Thanks mainly to the efforts of the
grass-roots group "Georgians for World Class Beer," House Bill 645
finally passed the House and Senate in 2004 and updated Georgia's
outdated beer law that limited beer sold in the state to less than 6%
alcohol. This new law was wonderful news for Georgia beer fans
who are now able to enjoy some of the world's richest and most
flavorful gourmet, high-gravity beers! The new brands have been
extremely popular in the state thus far in terms of sales. It's a
great time to be a gourmet beer lover in Georgia! Below are
descriptions of some of these beer styles now available for sale in
Georgia. Remember that when savoring these classic brews, it's
all about quality and not quantity. Cheers!
are rich and malty German lagers that range from deep gold to dark
brown in color and have an intense toast and toffee aroma and flavor
from the use of bold German malts. The bitter hop aspect of these
beers is barely noticeable, as the sweet malt character
dominates. Examples: Paulaner
Salvator, Ayinger Celebrator, Sam Adams Double Bock.
Weizenbock is a strong
version of a dark Bavarian wheat beer. It is filled with rich
aromas and flavors of clove, banana, caramel, and wheat, and has a
definite alcohol presence. Bottled versions taste best when the
yeast sediment at the bottom of the bottle is poured into the glass
along with the rest of the beer. Example: Aventinus.
Strong Scotch Ales have a
character that is deeply malty with caramel notes. There can also
be peaty and smoky aromas and flavors with hints of roasted or smoked
malts. There are also notes of plum, raisins or dried fruits in
the thick flavors, and alcohol warmth is usually present. This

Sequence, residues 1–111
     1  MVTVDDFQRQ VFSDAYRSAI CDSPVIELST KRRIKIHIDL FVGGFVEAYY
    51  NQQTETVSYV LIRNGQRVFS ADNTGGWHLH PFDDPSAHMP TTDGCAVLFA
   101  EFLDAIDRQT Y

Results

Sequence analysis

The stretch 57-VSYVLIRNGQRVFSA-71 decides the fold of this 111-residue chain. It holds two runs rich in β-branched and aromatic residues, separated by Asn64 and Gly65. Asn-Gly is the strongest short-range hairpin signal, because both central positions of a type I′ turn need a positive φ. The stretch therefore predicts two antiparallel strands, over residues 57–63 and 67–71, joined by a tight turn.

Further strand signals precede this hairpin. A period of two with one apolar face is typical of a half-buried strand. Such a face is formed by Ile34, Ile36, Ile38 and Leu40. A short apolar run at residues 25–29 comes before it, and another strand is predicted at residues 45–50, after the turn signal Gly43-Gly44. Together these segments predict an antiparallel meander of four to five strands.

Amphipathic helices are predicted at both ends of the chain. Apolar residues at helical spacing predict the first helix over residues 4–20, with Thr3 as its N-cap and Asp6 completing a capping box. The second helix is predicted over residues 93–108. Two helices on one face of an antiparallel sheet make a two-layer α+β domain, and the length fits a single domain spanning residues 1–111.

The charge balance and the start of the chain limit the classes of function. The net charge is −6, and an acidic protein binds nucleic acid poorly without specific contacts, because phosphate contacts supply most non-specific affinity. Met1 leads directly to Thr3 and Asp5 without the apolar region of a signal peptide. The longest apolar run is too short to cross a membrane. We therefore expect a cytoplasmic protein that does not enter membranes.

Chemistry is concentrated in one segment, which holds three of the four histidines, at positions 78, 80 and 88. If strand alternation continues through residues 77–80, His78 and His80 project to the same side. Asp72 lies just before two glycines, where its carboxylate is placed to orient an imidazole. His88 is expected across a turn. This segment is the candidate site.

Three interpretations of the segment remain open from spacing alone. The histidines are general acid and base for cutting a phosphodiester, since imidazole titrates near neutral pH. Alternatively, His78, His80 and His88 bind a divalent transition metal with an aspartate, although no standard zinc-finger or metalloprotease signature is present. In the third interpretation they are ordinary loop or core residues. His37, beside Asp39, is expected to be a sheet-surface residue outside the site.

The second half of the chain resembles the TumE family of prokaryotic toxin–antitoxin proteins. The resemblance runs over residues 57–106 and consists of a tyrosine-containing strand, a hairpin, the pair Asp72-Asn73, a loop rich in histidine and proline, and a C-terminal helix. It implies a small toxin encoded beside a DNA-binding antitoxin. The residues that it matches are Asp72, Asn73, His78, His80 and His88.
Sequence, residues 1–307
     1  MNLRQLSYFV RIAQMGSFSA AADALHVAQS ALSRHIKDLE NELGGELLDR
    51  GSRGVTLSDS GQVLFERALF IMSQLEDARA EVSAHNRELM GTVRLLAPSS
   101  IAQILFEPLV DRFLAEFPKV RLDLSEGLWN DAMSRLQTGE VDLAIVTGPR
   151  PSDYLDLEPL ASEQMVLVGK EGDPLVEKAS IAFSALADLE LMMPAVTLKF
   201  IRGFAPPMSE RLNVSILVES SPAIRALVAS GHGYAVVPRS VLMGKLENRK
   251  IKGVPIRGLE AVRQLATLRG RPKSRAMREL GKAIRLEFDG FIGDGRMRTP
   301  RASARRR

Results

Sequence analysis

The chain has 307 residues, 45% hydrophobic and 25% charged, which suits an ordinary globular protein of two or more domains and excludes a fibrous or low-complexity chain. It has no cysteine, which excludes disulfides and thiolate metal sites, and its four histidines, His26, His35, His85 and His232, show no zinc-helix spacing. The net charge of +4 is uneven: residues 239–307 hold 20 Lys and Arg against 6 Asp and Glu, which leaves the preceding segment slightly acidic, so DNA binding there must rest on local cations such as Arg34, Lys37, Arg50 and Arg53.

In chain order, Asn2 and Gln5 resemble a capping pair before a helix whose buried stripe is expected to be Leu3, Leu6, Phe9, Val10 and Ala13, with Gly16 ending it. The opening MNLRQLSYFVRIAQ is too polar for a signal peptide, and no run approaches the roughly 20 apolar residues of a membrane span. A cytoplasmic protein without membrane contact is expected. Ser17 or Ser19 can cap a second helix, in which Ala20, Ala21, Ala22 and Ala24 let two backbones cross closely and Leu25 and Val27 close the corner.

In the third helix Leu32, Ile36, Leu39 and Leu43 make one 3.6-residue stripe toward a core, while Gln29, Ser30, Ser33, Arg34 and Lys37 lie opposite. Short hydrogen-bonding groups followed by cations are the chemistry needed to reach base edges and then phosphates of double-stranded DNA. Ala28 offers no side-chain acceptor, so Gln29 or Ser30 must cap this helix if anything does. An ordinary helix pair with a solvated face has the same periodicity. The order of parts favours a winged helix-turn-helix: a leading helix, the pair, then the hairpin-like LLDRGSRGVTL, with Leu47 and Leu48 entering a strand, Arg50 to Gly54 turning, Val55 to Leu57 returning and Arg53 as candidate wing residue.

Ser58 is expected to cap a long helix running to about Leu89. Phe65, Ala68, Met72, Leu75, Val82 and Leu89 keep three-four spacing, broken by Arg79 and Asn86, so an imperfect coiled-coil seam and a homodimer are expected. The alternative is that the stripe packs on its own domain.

beer is like a dessert in a glass. Examples: Traquair House Ale, McEwan's
Scotch Ale, Belhaven Wee Heavy.
Russian Imperial Stouts
are rich and complex with lots of alcohol character backed up by
roasted malts that provide coffee, dark chocolate, or slightly burnt
tones. These are the strongest Stouts in the world and are
jet-black in color with flavors of dark grains, hop bitterness, and
fruity esters from the ale yeast fermentation. Examples: Samuel Smith Imperial
Stout, Brooklyn Black Chocolate Stout, Old Rasputin Imperial Stout.
Imperial IPA is a big
version of the classic India Pale Ale. These strong, malty pale
ales are golden amber to medium copper in color and have a huge spicy,
citrusy hop aroma, flavor and bitterness. This style is a recent
American innovation. Examples:
Rogue I2PA, Dogfish Head 90-minute IPA, Terrapin Rye Squared.
Belgian Dubbels are dark
amber to copper in color and have malty flavors of raisin, plum, clove,
and caramel. These beers originated from the monasteries of
Belgium in the middle ages and are very fruity and complex. Examples: Westmalle Dubbel, Affligem
Dubbel, Corsendonk Abbey Brown Ale.
Belgian Tripels and Strong
Golden Ales have a color that is deep yellow to gold, and
flavors that are spicy, fruity, alcoholic, and softly sweet.
There is a bit of spicy hop character along with substantial
carbonation which provides a creamy head. Examples: Westmalle Tripel, Affligem
Belgian Strong Dark Ales
have aromas that are very complex with malty sweetness and bready
notes. Sweet dark fruit and malt flavors provide for a rich
mouthfeel and warming alcohol character. Examples: Rochefort 10,
Chimay Grand Reserve, Kasteelbier Donker.
Barleywines are ales
brewed to the strength of wines. These powerful beers have
intense fruity, malty flavors and aromas, and are very warming.
Hop bitterness and aroma can be mild in English versions and quite
spicy, resiny and predominant in American brands. These beers are
best on cold nights in front of a roaring fire. Examples: Young's
Old Nick, Sierra Nevada Bigfoot.